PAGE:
The Parties hereby agree that they shall discharge mutual debts and payment obligations due and owing to each other on the same date or in the same month in respect of this Agreement and any other transaction between the Parties in the same Commodity through netting. All amounts owed by each Party to the other Party, including any related liquidated damages, interest or other amounts, shall be netted so that only the net difference between such amounts shall be payable by the Party who owes the greater amount. Each party reserves to itself all rights, setoffs, counterclaims, combination of accounts, liens and other remedies and defenses which such Party has or may be entitled to (whether by operation of law or otherwise). All payment obligations hereunder and under any transaction between the Parties in the same Commodity may be offset against each other, set off or recouped.

BR doc. #1-2, at 16. The second sentence is of particular significance to this case. The phrase “All amounts owed by each Party to the other Party, including any related liquidated damages, interest or other amounts” undeniably encompasses both the $90 million Black Diamond owed Commodities and the $10 million Commodities owed Black Diamond’s assignee, CIT. The second half of the sentence not only allows, but affirmatively requires that such debts “be netted so that only the net difference between such claims shall be payable by the Party who owes the greater amount.” There is no ambiguity about how netting works under the agreement: it applies to “All amounts owed” between the parties at all times. CIT appeared to concede as much below; its arguments were not addressed to the operation of the netting provision, but, rather, to whether the provision applies to CIT as the assignee. The CIT Grp./Comm. Servs., Inc. v. Constellation Energy Commodities Grp., Inc. et al., No. 7:13-cv-88-ART, doc. # 22, PageID 247-49.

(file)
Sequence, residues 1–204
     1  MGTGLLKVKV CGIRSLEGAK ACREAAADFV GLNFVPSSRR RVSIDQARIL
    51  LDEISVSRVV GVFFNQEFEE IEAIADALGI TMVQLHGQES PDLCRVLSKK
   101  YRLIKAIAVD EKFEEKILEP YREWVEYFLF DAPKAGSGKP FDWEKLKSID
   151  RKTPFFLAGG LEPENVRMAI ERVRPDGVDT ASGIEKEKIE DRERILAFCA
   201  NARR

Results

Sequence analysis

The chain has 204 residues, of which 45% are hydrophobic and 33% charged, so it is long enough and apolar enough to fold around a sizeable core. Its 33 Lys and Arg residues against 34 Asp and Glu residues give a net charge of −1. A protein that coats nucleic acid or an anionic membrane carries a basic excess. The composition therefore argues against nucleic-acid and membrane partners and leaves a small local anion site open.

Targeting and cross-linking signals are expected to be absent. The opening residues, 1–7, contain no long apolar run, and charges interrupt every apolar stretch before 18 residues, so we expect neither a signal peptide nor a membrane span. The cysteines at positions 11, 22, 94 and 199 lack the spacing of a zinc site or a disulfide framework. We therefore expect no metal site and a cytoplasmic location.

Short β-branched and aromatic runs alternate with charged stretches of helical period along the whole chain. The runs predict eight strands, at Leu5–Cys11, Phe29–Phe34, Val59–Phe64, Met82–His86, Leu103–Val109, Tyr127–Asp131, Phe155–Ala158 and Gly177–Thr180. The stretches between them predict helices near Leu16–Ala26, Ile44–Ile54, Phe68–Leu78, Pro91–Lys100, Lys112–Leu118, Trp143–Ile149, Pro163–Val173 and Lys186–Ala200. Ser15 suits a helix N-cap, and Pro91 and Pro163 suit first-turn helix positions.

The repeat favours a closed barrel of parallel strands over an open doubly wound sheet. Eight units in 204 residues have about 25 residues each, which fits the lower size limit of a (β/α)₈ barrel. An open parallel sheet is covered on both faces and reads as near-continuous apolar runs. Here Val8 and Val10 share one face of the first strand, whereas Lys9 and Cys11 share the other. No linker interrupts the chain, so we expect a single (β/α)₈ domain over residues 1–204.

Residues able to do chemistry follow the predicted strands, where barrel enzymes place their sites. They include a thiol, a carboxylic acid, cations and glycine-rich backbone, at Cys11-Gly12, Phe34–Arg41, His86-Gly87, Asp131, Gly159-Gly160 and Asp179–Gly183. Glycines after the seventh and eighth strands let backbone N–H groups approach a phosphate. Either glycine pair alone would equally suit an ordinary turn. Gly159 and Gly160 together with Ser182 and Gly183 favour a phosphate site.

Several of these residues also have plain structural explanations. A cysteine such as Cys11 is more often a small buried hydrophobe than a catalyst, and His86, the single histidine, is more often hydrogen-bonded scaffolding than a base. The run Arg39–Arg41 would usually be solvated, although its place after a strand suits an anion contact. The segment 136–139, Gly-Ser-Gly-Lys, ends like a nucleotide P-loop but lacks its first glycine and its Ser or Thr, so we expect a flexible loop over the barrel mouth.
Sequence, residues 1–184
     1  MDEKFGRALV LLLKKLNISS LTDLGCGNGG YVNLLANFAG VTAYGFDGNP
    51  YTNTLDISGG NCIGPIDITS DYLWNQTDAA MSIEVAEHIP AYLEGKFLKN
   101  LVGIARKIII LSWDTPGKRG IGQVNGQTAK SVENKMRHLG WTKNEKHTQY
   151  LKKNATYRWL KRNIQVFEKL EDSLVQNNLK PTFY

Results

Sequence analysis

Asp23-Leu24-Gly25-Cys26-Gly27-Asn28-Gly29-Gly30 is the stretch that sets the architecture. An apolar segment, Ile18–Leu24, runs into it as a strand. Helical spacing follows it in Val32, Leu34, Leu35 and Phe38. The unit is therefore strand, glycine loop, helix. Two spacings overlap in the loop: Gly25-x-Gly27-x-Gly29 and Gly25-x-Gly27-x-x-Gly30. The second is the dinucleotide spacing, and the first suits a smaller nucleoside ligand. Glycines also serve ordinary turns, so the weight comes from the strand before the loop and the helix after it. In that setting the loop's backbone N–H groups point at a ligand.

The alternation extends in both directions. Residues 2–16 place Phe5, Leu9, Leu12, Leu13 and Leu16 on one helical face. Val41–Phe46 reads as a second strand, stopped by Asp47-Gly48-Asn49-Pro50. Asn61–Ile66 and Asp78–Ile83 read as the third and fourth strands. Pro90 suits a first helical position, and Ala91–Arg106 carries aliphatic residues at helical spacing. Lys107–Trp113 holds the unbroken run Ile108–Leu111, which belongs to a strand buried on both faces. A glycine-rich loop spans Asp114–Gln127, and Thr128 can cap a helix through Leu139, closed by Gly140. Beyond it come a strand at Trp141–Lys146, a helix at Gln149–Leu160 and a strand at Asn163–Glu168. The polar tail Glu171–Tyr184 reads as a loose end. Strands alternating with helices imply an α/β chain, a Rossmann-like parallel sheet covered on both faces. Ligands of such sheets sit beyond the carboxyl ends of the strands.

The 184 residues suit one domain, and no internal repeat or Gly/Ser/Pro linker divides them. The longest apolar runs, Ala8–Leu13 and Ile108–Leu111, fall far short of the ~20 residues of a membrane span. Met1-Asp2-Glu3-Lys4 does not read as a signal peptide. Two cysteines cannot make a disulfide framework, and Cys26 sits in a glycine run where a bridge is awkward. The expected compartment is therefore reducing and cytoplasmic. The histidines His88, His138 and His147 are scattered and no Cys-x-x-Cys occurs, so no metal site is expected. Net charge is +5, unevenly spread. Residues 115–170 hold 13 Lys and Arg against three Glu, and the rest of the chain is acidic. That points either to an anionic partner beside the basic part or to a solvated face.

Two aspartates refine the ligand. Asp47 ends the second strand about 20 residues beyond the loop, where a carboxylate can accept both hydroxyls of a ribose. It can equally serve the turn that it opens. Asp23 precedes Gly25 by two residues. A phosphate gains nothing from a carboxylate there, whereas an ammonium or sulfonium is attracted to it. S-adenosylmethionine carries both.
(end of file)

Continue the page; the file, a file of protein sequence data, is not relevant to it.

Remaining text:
When CIT took assignment of Black Diamond’s rights under the agreement, it did not take those rights free of the netting provision—although nothing kept it from negotiating such an agreement with Commodities. Instead, CIT simply stepped into Black Diamond’s shoes as payee, its right to payments subject to all of the defenses that Commodities might have asserted against Black Diamond under the existing agreement, including the netting provision. That is so because, “It has always been the law in New York that an assignee stands in the shoes of its assignor and takes subject to those liabilities of its assignor that were in existence prior to the assignment.” Septembertide Pub., B.V. v. Stein & Day, Inc., 884 F.2d 675, 682 (2d Cir. 1989) (internal citation omitted). New York’s Uniform Commercial Code codifies that very principle, providing that “the rights of an assignee are subject to . . . all terms of the agreement between the account debtor and the assignor.” N.Y.U.C.C. § 9-404(a)(1). The upshot is that, where an account debtor could assert a defense against an assignor, it may generally assert that defense against an assignee. See Riviera Fin. of Tex., Inc. v. Capgemini US, LLC, 511 F. App’x 92, 94 (2d Cir. 2013) (citing Gen. Elec. Credit Corp. v. Xerox Corp., 112 A.D.2d 30, 31 (N.Y. 4th Dep’t 1985) ). If it were otherwise, defenses like the one established by the netting provision would be worthless, since a contracting party could circumvent them by simply assigning its rights to a third party.

Of course, an assignee is not subject to setoff for every debt the assignor incurs. If, for instance, an assignor incurs a debt that bears no relationship to the right assigned, that debt does not diminish the assignee’s rights under the assignment. But that is not the case here. The right Black Diamond assigned to CIT was expressly limited by the netting provision when it was assigned. The netting provision was built into the right assigned. It does not matter that it was only after the assignment that Black Diamond became a net debtor to Commodities, since, by its terms, the netting provision ensured that netting would apply not just to already-incurred debts, but also to future debts.